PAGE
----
Latest update: May 8th, 2015
Mussaf on Yom Kippur. We have recalled the glory of the Temple Service, the majestic appearance of the Kohen Gadol as the joyous crowd accompanied him home. In Eleh Ezkerah, the piyyut about the Ten Martyrs that follows, we recall a very different scene – when the Beis HaMikdash was destroyed and Jewish sovereignty over Eretz Yisrael came to an end. When it became a crime punishable by death to teach Torah.
Because Eleh Ezkerah is written in such a way that it seems that all ten of the martyrs lived and died at around the same time – only one nameless Roman ruler is mentioned – there is a difference of opinion about the identity of the first of the martyrs to be killed, Rabban Shimon ben Gamliel, Nasi (Prince) of Israel. If the piyyut is referring to a sage who lived at the time of the Bar Kochba Revolt and was a contemporary of Rabi Akiva, then the poem is referring to Rabban Shimon ben Gamliel II. However, most historians believe that the medieval paytan Yehudah Chazak was referring to an earlier leader of Israel, Rabban Shimon ben Gamliel I, who was killed soon after Churban Bayis Sheni.
By the time Rabban Shimon ben Gamliel I became a leader of Israel, the nasi no longer wielded political power. Herod, who died in 4 BCE, had basically sold Judea to Rome for the privilege of being king. During the century that followed Herod’s death, Judea became a Roman province; its subsequent kings sometimes had more power and sometimes less, but the real authority rested in Roman hands. The nasi’s power was therefore constrained to the religious realm. To distinguish the nasi from the other rabbanim, he was given the honorary title of Rabban, Our Master.
Rabban Shimon, a grandson of Hillel, was the last nasi to serve while the Beis HaMikdash still stood. Thus, he was present during Sukkot’s joyous Water Drawing celebrations, and “It is taught: They said of Rabban Shimon ben Gamliel that when he rejoiced at the simchat beit hasho’eva, he used to take eight lighted torches [and throw them in the air] and catch one and throw one and they did not touch one another” (Sukkot 53a).
Mishnah Keritot 1:7 shows another side of this Sage who lived during one of the most troubled times of Jewish history. At one point the price of birds used for the korbanot brought by women who had suffered a miscarriage rose to the exorbitant price of one gold dinar for just one pair of doves. “Rabban Shimon ben Gamliel said, ‘I will not sleep tonight until their price is a silver dinar.’” That very day the prices fell—to just one fourth of a silver dinar.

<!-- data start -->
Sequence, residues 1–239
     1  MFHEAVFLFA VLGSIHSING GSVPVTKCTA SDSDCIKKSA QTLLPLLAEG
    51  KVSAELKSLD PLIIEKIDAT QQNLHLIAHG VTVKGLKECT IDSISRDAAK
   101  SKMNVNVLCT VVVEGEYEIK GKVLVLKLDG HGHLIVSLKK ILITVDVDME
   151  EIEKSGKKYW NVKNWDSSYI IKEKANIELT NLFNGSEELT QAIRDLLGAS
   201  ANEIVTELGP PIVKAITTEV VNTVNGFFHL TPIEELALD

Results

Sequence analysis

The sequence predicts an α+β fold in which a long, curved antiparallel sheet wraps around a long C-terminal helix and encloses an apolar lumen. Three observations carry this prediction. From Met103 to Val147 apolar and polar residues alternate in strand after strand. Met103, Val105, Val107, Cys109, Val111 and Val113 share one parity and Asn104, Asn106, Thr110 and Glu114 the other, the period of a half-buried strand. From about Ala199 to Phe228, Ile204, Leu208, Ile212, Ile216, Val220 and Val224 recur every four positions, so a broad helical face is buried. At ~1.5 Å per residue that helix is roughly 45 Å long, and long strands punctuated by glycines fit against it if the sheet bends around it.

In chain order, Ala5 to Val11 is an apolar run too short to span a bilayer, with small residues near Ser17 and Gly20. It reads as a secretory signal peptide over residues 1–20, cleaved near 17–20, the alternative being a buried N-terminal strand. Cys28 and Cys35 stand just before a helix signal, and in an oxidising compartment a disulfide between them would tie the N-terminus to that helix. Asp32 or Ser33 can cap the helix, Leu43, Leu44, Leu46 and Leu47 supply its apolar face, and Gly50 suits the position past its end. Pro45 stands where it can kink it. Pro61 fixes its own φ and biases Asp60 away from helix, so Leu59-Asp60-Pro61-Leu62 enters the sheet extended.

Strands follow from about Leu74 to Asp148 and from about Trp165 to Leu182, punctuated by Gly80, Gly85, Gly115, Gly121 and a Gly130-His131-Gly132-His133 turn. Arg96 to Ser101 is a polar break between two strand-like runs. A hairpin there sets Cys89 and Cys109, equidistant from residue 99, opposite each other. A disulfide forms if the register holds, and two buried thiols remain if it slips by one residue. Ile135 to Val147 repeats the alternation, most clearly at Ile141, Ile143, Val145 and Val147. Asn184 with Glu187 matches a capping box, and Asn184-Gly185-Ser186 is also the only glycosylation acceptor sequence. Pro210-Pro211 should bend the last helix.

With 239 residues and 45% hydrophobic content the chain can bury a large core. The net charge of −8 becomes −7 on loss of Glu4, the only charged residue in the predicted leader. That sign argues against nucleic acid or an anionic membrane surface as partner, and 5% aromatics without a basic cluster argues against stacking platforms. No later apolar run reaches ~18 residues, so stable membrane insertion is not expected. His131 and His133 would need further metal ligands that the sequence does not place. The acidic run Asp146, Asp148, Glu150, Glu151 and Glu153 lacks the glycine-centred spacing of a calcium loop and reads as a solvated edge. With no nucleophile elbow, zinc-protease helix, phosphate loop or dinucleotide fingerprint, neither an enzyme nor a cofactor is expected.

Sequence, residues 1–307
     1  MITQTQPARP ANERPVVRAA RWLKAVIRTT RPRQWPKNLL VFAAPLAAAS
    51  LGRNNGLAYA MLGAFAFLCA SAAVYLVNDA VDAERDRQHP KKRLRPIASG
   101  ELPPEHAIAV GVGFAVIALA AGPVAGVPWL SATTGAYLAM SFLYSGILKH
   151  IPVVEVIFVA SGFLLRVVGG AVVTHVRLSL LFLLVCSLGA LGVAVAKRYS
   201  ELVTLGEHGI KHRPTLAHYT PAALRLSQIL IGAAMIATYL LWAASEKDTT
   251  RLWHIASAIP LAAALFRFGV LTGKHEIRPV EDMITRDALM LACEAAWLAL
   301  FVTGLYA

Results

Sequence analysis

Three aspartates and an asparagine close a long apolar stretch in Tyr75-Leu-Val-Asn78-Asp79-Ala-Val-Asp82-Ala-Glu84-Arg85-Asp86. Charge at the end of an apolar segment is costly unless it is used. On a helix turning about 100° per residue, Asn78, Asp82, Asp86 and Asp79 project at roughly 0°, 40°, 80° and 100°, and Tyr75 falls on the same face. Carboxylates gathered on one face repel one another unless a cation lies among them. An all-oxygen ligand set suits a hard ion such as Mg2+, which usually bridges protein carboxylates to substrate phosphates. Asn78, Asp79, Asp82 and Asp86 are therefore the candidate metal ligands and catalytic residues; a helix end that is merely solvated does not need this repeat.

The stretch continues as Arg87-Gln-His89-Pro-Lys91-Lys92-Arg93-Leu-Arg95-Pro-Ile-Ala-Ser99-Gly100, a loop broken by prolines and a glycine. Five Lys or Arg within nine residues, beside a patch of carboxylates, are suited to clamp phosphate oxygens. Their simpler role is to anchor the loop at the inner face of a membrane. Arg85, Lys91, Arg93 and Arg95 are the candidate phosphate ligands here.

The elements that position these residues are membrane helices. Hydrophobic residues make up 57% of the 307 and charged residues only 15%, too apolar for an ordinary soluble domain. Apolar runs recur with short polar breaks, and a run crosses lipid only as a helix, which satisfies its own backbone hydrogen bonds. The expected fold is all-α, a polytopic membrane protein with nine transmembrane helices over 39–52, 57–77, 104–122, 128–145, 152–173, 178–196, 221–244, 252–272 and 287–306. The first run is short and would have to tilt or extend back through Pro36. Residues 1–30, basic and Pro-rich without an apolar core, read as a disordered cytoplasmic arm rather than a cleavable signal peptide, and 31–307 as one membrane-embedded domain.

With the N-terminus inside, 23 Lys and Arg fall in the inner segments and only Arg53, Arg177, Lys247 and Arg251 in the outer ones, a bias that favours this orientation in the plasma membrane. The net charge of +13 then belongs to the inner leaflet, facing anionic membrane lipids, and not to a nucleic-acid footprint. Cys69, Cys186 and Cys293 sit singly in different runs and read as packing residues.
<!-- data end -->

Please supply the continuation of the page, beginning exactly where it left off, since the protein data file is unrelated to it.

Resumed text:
Rabban Shimon is quoted in Mishnah 1:17 of Pirkei Avot as saying, “All my days I have grown up among the Sages, and have found nothing better for man than silence; and not the expounding of Torah is the chief thing, but practice; and he who talks profusely occasions sin.”
True to this mishnah, there are few other references to Rabban Shimon in the Talmud, despite his prominent position. But we do know from the historian Josephus that although Rabban Shimon at first maintained close relations with the Roman rulers, following the policy of his father, Rabban Gamliel I, by the time of the Great Revolt, conditions had become so oppressive that he joined the war party against Rome. It was a decision that would prove to be fatal.
According to one tradition, the sage Shmuel HaKatan prophesized on his deathbed, “Shimon and Yishmael will die by the sword, and their colleagues are destined to be murdered, and the rest of the nation will be plundered and great persecutions are destined to befall the nation” (Sanhedrin 11a). Rabban Shimon and Rabi Yishmael Kohen Gadol decided to inform others about this prediction, and, while they were traveling, were arrested by Roman officers, accused of treason and condemned to death.Libi Astaire
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